These three essays deal with vastly different topics. The first essay, entitled “Back to Square One” is less of an essay, and more of a creative writing piece; it follows the life of a family living in Tijuana, Mexico. The family is well-to-do, and lives in a nice, secluded house on a hillside outside of the city. The husband of the family is a policeman, in charge of the anti-corruption and anti-drug unit of the local police, and the mother is a stay-at-home housewife responsible for the care of their young daughter. Both the mother and the father are living in fear over potential violence against their family, because of the high rate of kidnappings and violence in the area.
In this essay, the young daughter is skipping rope in the hacienda, but she really wants to go out to the park to play. She has been cooped up in the hacienda for too long, and begs her mother to let her go. Her mother finally acquiesces, fearing what her daughter will do if she cannot get out of the house for a while. The story ends with the sound of gunfire and the mother’s knowledge that her worst fears have been confirmed-- her daughter has been either kidnapped or killed by the people her husband is hunting.
The next essay, entitled “Pathos and Character Manipulation in Hans Christian Andersen's ‘The Fir Tree’” is about the titular fable. It examines a variety of different ways that Andersen’s “The Fir Tree” exemplifies the story form of the fable. The essay delves into the myth itself, looking at the way Andersen build sympathy for the characters in the story, even characters that would generally not be sympathetic, like the fir tree itself. The story is one that teaches a lesson about living in the moment and not searching for things greater than oneself, but unlike many of Andersen’s stories, the fir tree does not commit any large sin; yet he falls victim to his bad decisions. This pathos is the focus of this essay, combined with the characterization of the fir tree as an inanimate object. Because the fir tree is not usually considered a character in a story, Andersen needed to work hard to make the tree sympathetic. Part of the reason the tree is sympathetic to the reader is because the reader knows the inevitability of the tree’s demise; this helps the reader learn the lesson that the tree fails to learn.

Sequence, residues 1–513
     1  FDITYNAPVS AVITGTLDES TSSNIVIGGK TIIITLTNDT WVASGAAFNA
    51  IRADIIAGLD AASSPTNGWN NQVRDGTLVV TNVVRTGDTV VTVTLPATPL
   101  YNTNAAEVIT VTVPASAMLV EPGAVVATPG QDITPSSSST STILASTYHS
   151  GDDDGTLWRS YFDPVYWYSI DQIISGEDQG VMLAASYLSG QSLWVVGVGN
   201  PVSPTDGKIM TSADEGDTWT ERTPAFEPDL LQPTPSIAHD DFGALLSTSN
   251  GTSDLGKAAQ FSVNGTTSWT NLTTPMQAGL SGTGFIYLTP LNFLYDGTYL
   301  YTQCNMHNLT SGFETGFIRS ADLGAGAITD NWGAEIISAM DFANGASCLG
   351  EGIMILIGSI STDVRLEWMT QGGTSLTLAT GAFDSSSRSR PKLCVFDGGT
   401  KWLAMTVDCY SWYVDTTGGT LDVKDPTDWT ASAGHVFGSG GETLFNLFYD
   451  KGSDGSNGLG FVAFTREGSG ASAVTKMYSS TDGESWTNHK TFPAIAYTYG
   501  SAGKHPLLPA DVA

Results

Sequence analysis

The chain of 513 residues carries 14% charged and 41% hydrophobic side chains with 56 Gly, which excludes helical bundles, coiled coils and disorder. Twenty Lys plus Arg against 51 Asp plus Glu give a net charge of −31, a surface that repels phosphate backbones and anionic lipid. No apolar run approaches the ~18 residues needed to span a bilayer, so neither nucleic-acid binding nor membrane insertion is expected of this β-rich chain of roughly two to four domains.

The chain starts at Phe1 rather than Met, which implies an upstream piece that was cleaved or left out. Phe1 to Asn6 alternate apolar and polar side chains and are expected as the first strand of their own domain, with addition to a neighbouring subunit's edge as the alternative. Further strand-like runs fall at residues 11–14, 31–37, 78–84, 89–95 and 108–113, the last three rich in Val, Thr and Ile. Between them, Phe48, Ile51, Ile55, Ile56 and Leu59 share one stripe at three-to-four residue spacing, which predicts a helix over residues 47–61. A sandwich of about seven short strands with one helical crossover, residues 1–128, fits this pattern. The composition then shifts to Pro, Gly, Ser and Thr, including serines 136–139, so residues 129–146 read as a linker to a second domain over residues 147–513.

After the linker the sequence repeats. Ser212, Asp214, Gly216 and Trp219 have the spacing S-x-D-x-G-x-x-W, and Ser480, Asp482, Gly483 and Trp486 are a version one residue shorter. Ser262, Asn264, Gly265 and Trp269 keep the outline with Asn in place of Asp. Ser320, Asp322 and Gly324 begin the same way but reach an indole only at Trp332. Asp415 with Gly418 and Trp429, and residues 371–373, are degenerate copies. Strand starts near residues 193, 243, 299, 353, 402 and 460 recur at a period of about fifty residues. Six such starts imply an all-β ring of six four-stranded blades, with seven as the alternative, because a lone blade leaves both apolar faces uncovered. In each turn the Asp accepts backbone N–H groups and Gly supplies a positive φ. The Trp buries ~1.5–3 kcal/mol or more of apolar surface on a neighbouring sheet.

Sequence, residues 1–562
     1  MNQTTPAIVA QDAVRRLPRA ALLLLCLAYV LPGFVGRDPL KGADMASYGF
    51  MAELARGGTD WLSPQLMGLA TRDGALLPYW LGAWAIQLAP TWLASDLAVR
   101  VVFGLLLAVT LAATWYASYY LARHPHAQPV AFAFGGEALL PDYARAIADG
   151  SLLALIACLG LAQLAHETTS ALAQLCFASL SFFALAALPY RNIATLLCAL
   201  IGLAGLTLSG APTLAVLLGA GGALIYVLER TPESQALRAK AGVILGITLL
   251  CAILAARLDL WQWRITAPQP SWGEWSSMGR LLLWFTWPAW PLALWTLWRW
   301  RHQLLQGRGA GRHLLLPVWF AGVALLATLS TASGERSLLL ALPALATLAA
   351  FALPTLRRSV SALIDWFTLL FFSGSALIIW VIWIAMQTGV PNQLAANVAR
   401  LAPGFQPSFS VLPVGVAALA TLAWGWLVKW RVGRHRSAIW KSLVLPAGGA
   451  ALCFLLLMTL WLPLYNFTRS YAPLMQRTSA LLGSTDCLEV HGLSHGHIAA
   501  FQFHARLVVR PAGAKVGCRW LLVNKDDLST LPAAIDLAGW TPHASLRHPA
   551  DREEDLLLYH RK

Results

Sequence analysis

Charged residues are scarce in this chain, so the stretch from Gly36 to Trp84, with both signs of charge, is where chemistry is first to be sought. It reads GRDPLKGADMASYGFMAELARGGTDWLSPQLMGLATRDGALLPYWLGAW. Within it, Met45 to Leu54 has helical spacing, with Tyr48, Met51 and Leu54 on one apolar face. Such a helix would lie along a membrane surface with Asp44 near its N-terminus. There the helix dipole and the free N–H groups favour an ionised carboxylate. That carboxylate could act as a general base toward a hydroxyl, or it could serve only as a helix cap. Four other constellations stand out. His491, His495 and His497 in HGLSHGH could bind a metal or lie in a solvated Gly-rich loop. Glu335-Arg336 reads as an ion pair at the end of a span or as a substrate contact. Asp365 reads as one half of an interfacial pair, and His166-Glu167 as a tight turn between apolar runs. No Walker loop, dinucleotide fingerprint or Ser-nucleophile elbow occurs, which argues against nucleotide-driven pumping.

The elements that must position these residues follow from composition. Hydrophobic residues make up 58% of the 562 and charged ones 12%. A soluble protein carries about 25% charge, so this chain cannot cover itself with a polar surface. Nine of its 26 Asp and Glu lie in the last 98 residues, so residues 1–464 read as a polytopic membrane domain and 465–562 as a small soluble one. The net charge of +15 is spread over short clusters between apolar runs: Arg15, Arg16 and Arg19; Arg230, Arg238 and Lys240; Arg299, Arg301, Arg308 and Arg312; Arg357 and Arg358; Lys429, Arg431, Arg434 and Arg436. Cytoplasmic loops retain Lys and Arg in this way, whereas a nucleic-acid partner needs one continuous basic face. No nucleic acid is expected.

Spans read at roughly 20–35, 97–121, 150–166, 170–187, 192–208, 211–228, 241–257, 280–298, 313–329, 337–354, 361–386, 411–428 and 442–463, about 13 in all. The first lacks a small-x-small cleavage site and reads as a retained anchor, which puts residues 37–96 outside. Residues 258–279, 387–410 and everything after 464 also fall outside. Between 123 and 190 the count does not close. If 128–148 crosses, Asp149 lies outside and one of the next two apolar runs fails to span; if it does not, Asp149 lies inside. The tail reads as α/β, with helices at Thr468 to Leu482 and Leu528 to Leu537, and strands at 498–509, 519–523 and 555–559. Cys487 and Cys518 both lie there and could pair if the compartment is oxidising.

The final essay in this trio is entitled “Rank and Fear in ‘The Nose.’” “The Nose” is a short story by Gogol; it is often considered one of the best absurdist short stories written. The essay is concerned primarily with the intersection of rank and fear within the short story, and the absurdity of the actions that the characters take as a result of their fear over the rank of the other characters in the story. The whole story is built upon absurdity, and this is why rank and fear can be so openly and metaphorically discussed within the text. The essay also discusses the role of fear within the story itself, and the way that fear reflects the cultural realities of the time and place in which “The Nose” was written.